Now we see through a glass darkly. Yes, but. The Church of England may, just may, be beginning to see the light.
Suppose we think of the Word of God as pure white light. John Donne talked of a heaven where there would be no dazzling, nor darkness, but one equal light. But in this world we are unable to see the light of the Logos in all its clarity but look at everything through a glass, or prism. As we all learnt in physics, this means that what we are seeing is refracted light, literally distorted, broken down into its component colours. It is further ‘distorted’ by idiosyncracies in our own lenses.
Although we are warned not to create God in our own image, we can only see and understand God according to our own perspective – no amount of will can change that. Almost all of us read the Bible in translation into our vernacular, which further ‘refracts’ the original. Even scholars who understand Greek, Hebrew, Aramaic and Syriac do so from a 21st century perspective, and their understanding of the language of the Early Christians at this distance in time must only be partial.
With my prismatic rainbow analogy, some will see the Word of God as red, some as blue and some as yellow. You may think there are seven colours in the rainbow. But to Pantone, there are more than 3,000 colours in our world. This was implicitly acknowledged in the Chicago Lambeth Quadrilateralbut recently in the Anglican Communion the redd-ites have been thumping the table, hoping to persuade the green-ites to abandon their interpretation of the Word in favour of the ‘one true meaning’. And, of course, vice versa.
The Church has been drawn into endless pitched battles, incapable of resolution since everyone can see their own points of view so clearly. The Anglican Covenant was but one example of the Church being diverted from its true task into pointless attempts to make the reddites and the greenites see the same truth.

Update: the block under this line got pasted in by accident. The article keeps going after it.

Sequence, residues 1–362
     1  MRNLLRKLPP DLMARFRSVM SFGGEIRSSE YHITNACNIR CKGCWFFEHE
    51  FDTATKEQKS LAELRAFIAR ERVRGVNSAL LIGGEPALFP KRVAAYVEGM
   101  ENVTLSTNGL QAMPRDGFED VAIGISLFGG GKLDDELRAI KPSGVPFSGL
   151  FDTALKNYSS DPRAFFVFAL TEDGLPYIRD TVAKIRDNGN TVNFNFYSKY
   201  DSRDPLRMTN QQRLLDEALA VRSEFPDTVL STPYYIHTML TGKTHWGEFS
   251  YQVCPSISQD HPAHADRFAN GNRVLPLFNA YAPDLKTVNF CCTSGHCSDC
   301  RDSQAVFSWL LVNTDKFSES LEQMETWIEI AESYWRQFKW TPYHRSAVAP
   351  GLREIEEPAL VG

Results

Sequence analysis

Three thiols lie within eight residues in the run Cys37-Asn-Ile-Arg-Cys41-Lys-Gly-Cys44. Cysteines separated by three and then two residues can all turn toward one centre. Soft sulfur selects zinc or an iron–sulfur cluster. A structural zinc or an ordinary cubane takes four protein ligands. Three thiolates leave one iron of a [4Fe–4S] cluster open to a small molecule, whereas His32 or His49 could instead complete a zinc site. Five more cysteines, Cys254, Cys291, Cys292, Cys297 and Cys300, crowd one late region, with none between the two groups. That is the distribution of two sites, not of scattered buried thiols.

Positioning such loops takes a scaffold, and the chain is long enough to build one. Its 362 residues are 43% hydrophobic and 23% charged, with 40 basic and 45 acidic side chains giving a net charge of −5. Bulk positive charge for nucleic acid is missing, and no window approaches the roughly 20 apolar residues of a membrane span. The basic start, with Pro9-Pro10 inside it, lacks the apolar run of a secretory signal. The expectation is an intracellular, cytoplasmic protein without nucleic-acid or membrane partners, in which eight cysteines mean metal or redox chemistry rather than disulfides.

Archbishop Justin has made no such mistake. From the moment he talked to Giles Fraser about squaring the circle by means of perception, many of us hoped that he would be chosen as the next Cantuar, and our prayers have been answered. Of course it is an impossible task, but the Revd David Keen is not alone in sensing a change in the air.
Yes, we want women admitted to the episcopate as soon as possible. Some of us also hope for fairer and more loving treatment of the LGBT community. And after those two, others of us would like greater inclusion of (and less condescension to) the laity. But that must wait. To those who say that we cannot ask more people to join us in the Church until we have created a more worthy church (by women bishops etc), I have come to the conclusion, after several years of watching the internal wrangling at close quarters, that we will never get there by simply doing more of the same until the mills of God gradually grind us all down.
The only hope is for us to follow Archbishop Justin’s lead and concentrate on the pure white light that we know is behind the prism. And the good news that we are now being asked to share is knowledge of that white light, not the 3,000 colours and viewpoints it can be broken down into.
Laura Sykes, an occasional contributor to Paradoxical Thoughts, is the Editor of the Lay Anglicana website and blog, which aspires to be the unofficial voice of Anglican laity worldwide and to offer a place to exchange news and views from the pews.
Laura compares the perspective of her website, her blog, and herself to this quote from Anthony Trollope: “I trust … I shall not be thought to scoff at the pulpit, though some may imagine that I do not feel all the reverence that is due to the cloth. I may question the infallibility of the teachers, but I hope that I shall not therefore be accused of doubt as to the thing to be taught”. (Barchester Towers)